CoreDate (was: [Biococoa-dev] WWDC2005)
jtimmer at bellatlantic.net
Thu Feb 17 11:11:09 EST 2005
My guess is that those stats are an over-estimation of the rate for the
people we'd be writing software for. People who buy Omni products are those
who care about their software, which means they're more likely to update
their OS. Their target market doesn't include the "set it up and leave it
alone if it isn't broken" population, and based on my rough survey around
where I've been working, that group is over-represented in biology.
That said, it should be possible to create a "modern" branch of our classes.
Given the number of changes I think we'd have to make, I'd say we'd need to
keep that a separate project, or we'd ifdef things beyond readability. The
other thing I'd say is that we should just target it at 10.4 using CoreData.
The big difference in 10.3 was the addition of bindings via key/value coding
and observing. By targeting CoreData, we get both of those, plus object
storage and undo management for free.
And I was disappointed to see that CoreData's still NDA'd beyond what's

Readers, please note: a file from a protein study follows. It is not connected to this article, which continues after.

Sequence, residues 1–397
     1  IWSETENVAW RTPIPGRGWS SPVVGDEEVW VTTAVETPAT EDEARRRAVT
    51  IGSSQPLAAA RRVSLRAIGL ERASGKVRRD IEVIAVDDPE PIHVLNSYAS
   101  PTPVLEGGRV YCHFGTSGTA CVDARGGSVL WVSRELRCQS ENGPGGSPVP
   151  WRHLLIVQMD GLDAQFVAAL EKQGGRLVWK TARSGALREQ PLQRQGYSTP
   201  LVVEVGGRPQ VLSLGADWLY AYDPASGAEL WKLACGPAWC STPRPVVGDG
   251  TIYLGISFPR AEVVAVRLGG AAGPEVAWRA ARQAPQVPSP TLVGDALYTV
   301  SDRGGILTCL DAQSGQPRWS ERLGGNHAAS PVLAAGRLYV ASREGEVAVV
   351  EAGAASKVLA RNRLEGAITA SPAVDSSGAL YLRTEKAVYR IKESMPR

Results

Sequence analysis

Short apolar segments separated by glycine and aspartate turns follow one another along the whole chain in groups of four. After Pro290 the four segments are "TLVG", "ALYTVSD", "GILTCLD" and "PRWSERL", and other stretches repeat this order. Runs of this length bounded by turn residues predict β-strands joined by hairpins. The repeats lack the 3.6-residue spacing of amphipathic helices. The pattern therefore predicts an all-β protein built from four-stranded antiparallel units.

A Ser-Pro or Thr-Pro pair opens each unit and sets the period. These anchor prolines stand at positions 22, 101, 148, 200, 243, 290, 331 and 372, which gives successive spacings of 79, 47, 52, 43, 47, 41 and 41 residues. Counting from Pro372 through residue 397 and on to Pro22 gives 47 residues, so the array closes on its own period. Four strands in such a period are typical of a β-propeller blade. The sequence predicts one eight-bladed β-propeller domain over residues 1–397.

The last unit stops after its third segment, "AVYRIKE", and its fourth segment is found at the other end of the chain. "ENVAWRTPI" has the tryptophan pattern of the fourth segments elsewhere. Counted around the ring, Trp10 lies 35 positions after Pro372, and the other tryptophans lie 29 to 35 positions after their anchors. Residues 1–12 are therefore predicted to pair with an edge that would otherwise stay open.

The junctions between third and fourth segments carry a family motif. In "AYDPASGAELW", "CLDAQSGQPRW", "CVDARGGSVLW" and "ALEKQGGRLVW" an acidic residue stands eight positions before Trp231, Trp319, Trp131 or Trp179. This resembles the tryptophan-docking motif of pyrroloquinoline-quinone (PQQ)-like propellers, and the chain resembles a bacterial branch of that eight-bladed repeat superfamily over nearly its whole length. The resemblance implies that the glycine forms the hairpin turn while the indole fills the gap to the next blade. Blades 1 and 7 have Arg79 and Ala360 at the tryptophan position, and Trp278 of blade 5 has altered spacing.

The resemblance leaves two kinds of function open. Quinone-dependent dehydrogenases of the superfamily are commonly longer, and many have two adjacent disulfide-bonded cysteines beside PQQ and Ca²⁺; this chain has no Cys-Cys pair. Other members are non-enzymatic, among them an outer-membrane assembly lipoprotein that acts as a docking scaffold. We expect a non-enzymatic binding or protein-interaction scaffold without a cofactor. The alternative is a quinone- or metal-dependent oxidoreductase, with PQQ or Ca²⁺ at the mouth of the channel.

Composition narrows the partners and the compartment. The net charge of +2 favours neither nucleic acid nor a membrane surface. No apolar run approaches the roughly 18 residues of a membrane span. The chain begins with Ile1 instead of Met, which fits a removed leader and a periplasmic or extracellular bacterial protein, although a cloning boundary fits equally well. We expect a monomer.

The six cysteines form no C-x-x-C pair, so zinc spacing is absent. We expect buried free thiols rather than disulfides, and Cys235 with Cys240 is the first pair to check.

They'd started giving details on a bunch of things like Spotlight and
64-bitness, and I'd assumed they'd done one for CoreData as well. There's
enough there to say a couple of things, though.
The key phrases in that description are: "Cocoa can manage your data objects
themselves through the power of Core Data, providing automatic undo/redo
support, additional user interface synchronization, and data consistency,
correctness, and speed enhancements when it's time to write to disk."
And: " A high-performance, SQLite-based database file format"
As these indicate, CoreData should allow you to treat a database as an
object store, meaning if you can write a database query that will produce a
specific object or list of objects, you can just send that query into the
CoreData store to get all the objects out. This should mean that you no
longer have to pass specific references to objects all over your
application, and can bind to them painlessly. The trick is that, to make
the queries and bindings work, you have to make everything you store
key/value coding compliant. We'd need to do a lot of work to get there.
There's other issues as well, but there's not enough in that short
description to allow me to bring them up here.
>> Also, I think (might be wrong here) that by now 90% of the people run
> Here are some interesting statistics:
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